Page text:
Culture, conflict, and cost. Perspectives on brain death in Japan.
Japanese surgeons have performed only one heart transplant in the quarter century since the procedure was developed.
Possessing the requisite training and technology, transplant surgeons have been stymied by several factors that elude professional and political solution.
Most critically, the lack of a brain death standard limits the availability of transplantable organs.
Mistrust of the medical profession, traditional outlooks on death, and the primacy placed on consensual decision making have fueled debate about brain death and transplantation.
Volatile and value laden, these issues have overwhelmed the discussion of health care resources, equal access to high-technology medical procedures, and insurance coverage for transplantation.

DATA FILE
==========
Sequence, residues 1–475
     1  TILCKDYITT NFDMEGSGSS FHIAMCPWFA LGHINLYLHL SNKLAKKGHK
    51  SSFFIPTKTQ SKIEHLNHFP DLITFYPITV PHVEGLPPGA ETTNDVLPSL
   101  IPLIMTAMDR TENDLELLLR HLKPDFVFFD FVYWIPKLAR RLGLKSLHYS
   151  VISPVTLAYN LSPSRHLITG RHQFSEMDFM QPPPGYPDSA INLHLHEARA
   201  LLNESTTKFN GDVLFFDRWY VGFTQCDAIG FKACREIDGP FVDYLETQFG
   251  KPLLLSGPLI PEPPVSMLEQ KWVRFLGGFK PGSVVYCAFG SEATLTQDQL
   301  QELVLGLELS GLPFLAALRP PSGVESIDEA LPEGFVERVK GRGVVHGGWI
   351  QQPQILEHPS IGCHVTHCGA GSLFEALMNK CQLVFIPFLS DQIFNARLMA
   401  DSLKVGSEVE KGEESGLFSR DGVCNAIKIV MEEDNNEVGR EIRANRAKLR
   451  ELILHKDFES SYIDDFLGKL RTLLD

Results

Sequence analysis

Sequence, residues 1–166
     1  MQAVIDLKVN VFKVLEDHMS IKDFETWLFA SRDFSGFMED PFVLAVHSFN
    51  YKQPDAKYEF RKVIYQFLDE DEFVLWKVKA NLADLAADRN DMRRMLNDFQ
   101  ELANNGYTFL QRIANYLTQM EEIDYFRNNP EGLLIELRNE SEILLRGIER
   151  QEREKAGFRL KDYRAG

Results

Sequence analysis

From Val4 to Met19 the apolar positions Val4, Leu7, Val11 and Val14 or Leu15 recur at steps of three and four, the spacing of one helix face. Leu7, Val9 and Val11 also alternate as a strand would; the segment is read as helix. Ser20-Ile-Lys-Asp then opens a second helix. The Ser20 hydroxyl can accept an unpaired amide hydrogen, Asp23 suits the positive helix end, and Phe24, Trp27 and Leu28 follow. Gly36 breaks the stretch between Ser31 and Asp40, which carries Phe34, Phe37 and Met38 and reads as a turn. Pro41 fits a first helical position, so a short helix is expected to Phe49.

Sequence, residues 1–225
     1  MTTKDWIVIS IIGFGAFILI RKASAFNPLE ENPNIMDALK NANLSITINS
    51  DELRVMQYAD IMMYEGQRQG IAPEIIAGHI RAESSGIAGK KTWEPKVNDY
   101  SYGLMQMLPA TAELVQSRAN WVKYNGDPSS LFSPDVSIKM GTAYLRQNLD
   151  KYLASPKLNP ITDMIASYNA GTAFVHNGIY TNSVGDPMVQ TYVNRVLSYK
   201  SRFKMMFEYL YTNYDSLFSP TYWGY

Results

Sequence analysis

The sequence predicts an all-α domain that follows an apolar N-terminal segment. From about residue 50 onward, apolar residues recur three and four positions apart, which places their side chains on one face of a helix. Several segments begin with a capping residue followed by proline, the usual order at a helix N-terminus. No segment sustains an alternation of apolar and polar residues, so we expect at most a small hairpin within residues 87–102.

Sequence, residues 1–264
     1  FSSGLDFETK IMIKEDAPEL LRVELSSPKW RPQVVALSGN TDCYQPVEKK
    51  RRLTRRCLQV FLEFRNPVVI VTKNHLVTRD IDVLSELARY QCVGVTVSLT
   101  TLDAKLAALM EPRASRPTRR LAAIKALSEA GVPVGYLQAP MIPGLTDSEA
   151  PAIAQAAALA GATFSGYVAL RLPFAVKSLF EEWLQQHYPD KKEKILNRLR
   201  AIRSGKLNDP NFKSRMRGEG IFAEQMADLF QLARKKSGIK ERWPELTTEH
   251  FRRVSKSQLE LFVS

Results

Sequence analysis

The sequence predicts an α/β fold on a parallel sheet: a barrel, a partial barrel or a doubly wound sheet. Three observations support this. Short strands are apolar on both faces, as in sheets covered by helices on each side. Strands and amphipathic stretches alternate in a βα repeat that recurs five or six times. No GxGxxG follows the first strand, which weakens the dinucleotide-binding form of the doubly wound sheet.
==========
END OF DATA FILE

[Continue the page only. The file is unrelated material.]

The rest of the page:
Mots-clés Pascal : Homotransplantation, Homme, Mort cérébrale, Japon, Asie, Ethique, Législation, Milieu culturel, Coût, Economie santé, Article synthèse, Transplantation, Chirurgie
Mots-clés Pascal anglais : Homotransplantation, Human, Brain death, Japan, Asia, Ethics, Legislation, Cultural environment, Costs, Health economy, Review, Transplantation, Surgery
Notice produite par :
Inist-CNRS - Institut de l'Information Scientifique et Technique
Cote : 94-0591824
Code Inist : 002B27C. Création : 09/06/1995.